PM Narendra Modi’s 4th Day In Japan: Of Drums, Gandhi And Mouse

Prime Minister Narendra Modi has wrapped up his busy fourth day in Japan. He was in an upbeat mood as always and has maintained the successful tone of the visit till now.

Prime Minister Narendra Modi has wrapped up his busy fourth day in Japan. He was in an upbeat mood as always and has maintained the successful tone of the visit till now.

His first stop for the day was Tokyo’s Sacred Heart University where he gave his gyan on Indian ethos to Japanese students.

“India is such a country where people love and communicate with nature,” he said. In this context, he said earth is respected as mother, moon is treated as ‘mama’ (uncle), sun and Himalayas as grandfather, rivers as mother while trees are worshipped like God.

Referring to the terminology of Climate Change, Modi questioned whether it is correct. “Is it climate change or habit change? Our habits have changed and we are fighting the nature. We should rather have communication with nature,” he said.

He then suggested the students to read his book ‘Convenient Action’ on climate.

Addressing the girl students of the university, he talked about the importance of girl education and his personal attachment to the issue. “India is the only country which has gods in the shape of female,” he said. Coining his sentence in the context of a Cabinet, he said education is linked to Goddess Saraswati, finance to Goddess Laxmi, Security and Home Affairs to Goddess Mahakali and Food Security to Devi Annapurna. He also pointed out that women have 33 per cent reservation in local bodies in India.

He also mentioned about his parting gift to the girls of Gujarat where he had auctioned all the gifts he had got during his 14-year tenure as Chief Minister (worth Rs 78 crore) and the amount was deposited in the government treasury for use for girls’ education. 

At the university, Modi posed for a ‘selfie’ with a small group of Indians who were excited on seeing him.

The Prime Minister then launched Tata Consultancy Services’s Technology and Cultural Academy. He could barely wait his turn when TCS CEO N Chandrasekaran invited the PM to play a note on the drums after the professional drummers had finished.

“Pehle drum bajaiyen?” a beaming Modi asked.

The two drummers – one man and one woman — did their number and then Modi took over, playing the drums at a rapid beat and holding his own when the male drummer joined him. The audience – some of it on videoconference — burst into applause when he had finished.

The Technology and Cultural Academy has been set up with an aim to send young Japanese employees to India for training in technical and cultural skills. The programme involves eight weeks of classroom training and six months project work at various locations in India.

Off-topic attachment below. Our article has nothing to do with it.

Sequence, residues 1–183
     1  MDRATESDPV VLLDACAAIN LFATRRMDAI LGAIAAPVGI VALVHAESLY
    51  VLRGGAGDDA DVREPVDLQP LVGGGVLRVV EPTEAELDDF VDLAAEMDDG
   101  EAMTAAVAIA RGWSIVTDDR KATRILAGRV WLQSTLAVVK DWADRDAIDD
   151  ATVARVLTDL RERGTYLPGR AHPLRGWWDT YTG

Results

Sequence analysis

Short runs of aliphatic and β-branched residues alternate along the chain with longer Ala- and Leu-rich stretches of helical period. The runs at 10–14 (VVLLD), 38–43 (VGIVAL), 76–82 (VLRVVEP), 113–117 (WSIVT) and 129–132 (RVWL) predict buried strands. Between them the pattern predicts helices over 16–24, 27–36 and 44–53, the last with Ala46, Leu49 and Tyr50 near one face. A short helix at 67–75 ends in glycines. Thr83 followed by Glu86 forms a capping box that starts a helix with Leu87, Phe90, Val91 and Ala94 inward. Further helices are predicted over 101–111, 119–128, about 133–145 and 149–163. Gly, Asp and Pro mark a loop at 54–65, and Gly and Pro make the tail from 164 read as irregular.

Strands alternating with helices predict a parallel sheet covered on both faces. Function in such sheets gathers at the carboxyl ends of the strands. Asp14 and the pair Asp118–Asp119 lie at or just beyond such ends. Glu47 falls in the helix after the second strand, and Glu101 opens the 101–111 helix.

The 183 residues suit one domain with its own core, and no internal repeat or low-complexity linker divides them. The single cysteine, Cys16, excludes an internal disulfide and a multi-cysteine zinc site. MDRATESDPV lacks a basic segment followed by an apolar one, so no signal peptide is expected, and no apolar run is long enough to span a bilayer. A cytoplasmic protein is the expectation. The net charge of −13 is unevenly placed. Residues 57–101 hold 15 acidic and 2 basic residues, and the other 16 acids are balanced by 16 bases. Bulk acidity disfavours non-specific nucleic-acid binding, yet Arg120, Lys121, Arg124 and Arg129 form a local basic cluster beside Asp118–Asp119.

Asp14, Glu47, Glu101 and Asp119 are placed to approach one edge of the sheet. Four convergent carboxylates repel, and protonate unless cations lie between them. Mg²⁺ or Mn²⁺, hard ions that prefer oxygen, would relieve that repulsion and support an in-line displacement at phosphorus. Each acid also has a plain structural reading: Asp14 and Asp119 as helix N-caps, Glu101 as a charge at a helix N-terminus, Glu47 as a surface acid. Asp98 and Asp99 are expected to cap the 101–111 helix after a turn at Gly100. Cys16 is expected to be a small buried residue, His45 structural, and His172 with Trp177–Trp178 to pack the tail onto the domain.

The Prime Minister, hence, asked the trainees not to get locked into a classroom and venture out every weekend and, of course, spend some money.

He also addressed Japanese investors at a seminar organised by the Japan External Trade Organisation (Jetro) and Nikkei. “I have come to assure you that there is no Red Tape but Red Carpet in India. We have eased off lot of regulations,” Modi said.

Calling for a new history between the two countries on the economic front, the Prime Minister said India is the only place where one can find “democracy, demography and demand”. He told Japanese investors that India is a “god gifted location” for reaching out to global markets. Modi said his government is ready to offer whatever is required to promote foreign investment into India.

“Without Japan, India is incomplete and without India, Japan is incomplete”, he said.

Later, he interacted with the Indian community in Tokyo. The Prime Minister urged Indians to work for their country and use what it takes to spread the message back home.

“So if you write to your folks back in India…I know you don’t write letters anymore… You must be connected on WhatsApp or have made friends on Twitter, it is important to get the message across, no matter what the medium,” he said, speaking about a “Clean India” mission to honour Mahatma Gandhi.

He also recounted how he told an interpreter, who had asked whether “black magic and snake charmers still exist in India”, in Taiwan a few years ago, “We’ve had a devaluation. We used to play with snakes now we play with the mouse. When we move a mouse, the whole world moves.”

Before this event, the PM was virtually mobbed as he broke a security cordon at the Indian Embassy and waded into a crowd that wanted to shake hands with him and even touch his feet.

Tomorrow, the five day Japan visit will come to an end, but the friendship that has started is bound to last longer.

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